• Good for you. It’s mostly just hard work, some talent, and a little luck.

  • TMZ

    Have always love reading satire, and have thus always desired to be a solid writer of satire myself. Love all these tips! Good stuff. And great job with that SCL post.

    I wanna take a Christian karate class.

  • Eric D Epperson

    Great thoughts. Very true that it can be hard work. I take stabs at satire here:

    https://ericepperson.blogspot.com.

    I love the feedback!

  • Mbetters

    I know what you mean when you say “speaking to something transcendent.” Every good joke I’ve ever heard had something to do with a higher meaning.  It wasn’t just something on the surface (like a play on words, etc).  Almost any humorous thing I’ve ever read or listened to had some sort of restraint, while at the same time juggling that sense of “hyperbole” you spoke about… it’s definitely a fine art.

    Inspiring post!  I’m gonna try it now.

    • Indeed. It’s a lot harder than it looks. You have to be subtle and over the top at the same time. Not easy. I think all good comedy is somehow true. That’s the transcendent part that resonates with people.

  • 173 comments??  Nice.  I thought the piece was great, dude.  Though, you should have let the LotR geeks get the Gondor reference on their own.  And when I say “their,” I mean, of course, “our.”

  • Teresa

    I love humor.I love reading satire.  I rarely have a day go by that someone doesn’t say to me, “you’re funny”. I’m always hoping they’re not talking about my looks. Anyway, I think it’s easier to be funny than to write funny. 

    Writing for the different “senses” of humor is tricky. 

    Great post! Now I’m off to read about baptizing heathen words.

  • Larry

    I tried to write a satirical piece about VBS when my church was beginning VBS this year. I ended up offending the VBS director and, basically, the entire church. I lost my Sunday school teaching position and have now left that church. I probably won’t try satire again anytime soon.

    • as a humor writer, i’d love to read it.  i know it ended in a fiery crash, but it may not have been your fault.  when one overly sensitive person in a church becomes offended, it is far too easy for that single person to inspire a lynch mob.

  • Writing satire is definitely more difficult than it sounds. Being funny when you don’t mean to is easy, but being funny when you’re trying to be funny is another matter entirely. 

    I checked out your Baptizing Heathen Words post and was snickering the entire time. I think you did a really fantastic job balancing the humor with the potentially offensive comments (I wasn’t at all offended, by the way, and judging by the 100+ comments, I’m guessing not too many others were, either).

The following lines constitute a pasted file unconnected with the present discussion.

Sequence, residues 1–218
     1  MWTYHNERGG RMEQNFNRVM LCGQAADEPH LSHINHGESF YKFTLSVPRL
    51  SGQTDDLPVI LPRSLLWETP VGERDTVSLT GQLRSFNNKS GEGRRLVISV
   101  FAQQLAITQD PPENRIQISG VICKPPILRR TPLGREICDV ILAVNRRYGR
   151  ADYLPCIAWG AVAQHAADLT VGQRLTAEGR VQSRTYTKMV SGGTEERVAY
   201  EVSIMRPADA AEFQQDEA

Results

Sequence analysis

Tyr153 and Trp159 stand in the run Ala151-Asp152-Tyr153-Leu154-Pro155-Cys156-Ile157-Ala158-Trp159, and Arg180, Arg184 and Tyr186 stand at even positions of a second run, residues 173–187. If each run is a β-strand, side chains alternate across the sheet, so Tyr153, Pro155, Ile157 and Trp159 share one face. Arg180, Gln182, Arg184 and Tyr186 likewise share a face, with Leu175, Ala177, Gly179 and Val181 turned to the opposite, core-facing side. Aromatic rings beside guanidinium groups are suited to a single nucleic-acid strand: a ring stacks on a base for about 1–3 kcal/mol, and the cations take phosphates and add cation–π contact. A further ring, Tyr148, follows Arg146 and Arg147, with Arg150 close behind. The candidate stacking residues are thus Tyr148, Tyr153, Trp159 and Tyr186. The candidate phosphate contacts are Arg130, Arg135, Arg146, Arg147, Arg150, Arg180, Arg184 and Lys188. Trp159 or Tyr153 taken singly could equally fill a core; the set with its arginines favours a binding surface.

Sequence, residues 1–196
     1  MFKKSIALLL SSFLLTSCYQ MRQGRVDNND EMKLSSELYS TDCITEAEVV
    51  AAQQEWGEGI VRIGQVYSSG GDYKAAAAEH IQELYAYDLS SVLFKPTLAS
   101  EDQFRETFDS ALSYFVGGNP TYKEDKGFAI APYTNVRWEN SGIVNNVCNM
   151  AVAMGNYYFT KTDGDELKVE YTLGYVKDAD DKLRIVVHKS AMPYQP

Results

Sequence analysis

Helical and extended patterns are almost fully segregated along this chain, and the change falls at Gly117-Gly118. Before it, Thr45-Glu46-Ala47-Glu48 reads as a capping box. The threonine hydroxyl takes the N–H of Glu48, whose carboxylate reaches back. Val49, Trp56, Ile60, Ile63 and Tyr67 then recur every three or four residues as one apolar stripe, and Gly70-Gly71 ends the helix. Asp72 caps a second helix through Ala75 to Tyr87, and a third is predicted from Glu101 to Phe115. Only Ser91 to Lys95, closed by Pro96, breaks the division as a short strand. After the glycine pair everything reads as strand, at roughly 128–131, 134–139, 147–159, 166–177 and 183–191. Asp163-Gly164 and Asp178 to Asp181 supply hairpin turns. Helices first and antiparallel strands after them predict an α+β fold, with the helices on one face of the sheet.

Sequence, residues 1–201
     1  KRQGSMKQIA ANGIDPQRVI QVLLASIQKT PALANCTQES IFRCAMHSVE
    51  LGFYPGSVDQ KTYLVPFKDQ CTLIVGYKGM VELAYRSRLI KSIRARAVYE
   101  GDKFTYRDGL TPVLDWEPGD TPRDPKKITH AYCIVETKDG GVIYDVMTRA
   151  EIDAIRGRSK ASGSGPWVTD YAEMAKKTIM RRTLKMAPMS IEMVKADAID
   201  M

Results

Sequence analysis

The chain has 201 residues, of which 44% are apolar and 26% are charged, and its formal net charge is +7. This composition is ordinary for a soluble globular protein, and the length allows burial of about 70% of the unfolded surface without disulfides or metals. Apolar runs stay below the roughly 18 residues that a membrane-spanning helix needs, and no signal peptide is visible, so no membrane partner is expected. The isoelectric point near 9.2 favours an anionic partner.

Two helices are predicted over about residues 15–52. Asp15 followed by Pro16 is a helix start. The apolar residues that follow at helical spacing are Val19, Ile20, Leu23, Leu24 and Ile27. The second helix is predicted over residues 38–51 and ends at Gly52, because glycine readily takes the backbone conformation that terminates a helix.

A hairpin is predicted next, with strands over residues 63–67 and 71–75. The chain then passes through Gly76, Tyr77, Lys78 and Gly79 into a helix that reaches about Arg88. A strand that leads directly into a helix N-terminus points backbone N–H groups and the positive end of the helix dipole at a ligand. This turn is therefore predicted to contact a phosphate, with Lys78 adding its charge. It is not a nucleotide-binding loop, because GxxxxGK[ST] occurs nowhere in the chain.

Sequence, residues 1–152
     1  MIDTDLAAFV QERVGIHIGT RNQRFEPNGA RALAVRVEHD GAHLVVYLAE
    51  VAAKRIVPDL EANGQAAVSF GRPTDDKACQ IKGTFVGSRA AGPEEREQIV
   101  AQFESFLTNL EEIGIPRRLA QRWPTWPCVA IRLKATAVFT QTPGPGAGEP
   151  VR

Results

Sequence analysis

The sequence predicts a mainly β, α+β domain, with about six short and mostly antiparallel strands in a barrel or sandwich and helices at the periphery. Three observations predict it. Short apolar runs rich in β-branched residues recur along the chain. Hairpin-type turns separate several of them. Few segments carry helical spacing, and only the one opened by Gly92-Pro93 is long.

Looks like you learned a lot from the experience and came out of it with two fantastic posts. Great job! 

  • you did a fine job at SCL, Jeff.

    i’ve got the opposite situation coming up.  i’m a humor writer who’s guest posting on a more serious blog on Wednesday.  we’ll see how that goes.  it’s a bit frightening since my readers have a certain expectation when they read my stuff.

    the truth?  i could never do what you do here.  mainly because if the internet were a school, i’d be riding the short bus.

  • Michelle Woodman

    You did a marvelous job at SCL, Jeff — I really enjoyed your post.  And thank you for sharing how you did it!  I liked this line in  particular:  “Satire is about making a thoughtful observation about changing something and using humor to make the idea accessible.”  It takes the temptation to be a jerk out of the equation.  Good stuff!

  • Karim Jessa

    Quite an article. I write satire, or at least I thought I did till I read your article. Now I realize that I have yet to write satire which is truly satirical.
    Thank you.

    • Interesting. What WERE you writing, Karim?

    • Serene

      hey, I’m required to do an assignment in which i have to write a parody of an article, its due soon and i can’t find a good one to critisize, what would you recommend?
      Thank you.

  • Lia London

    Still think Jonathan Swift’s “A Modest Proposal” is one of the best satires ever written.

  • Calvin

    You make some really good points. Do u have any opinions on US satire (https://theonion.com) vs UK satire (https://thedailymash.co.uk, https://thefruitdish.com) ? Personally, i think UK satire used to be more irreverent, but the US seems to embrace satire more now.

  • Amy Marten

    K. I’m going to hunt down the satire post. The link goes to Dave Ramsey dot com for me, but I will not give up! Good points on satire, thanks!

  • Satish Mishra

    Any feedback on DelhiPress.com – I believe they are trying their best to stay on the side of satire, far from fake news.

  • Reinaert de Vos

    Shouldn’t that be “author of four best-selling books”? What did you sell? The street news paper and oh, I wrote four books as well?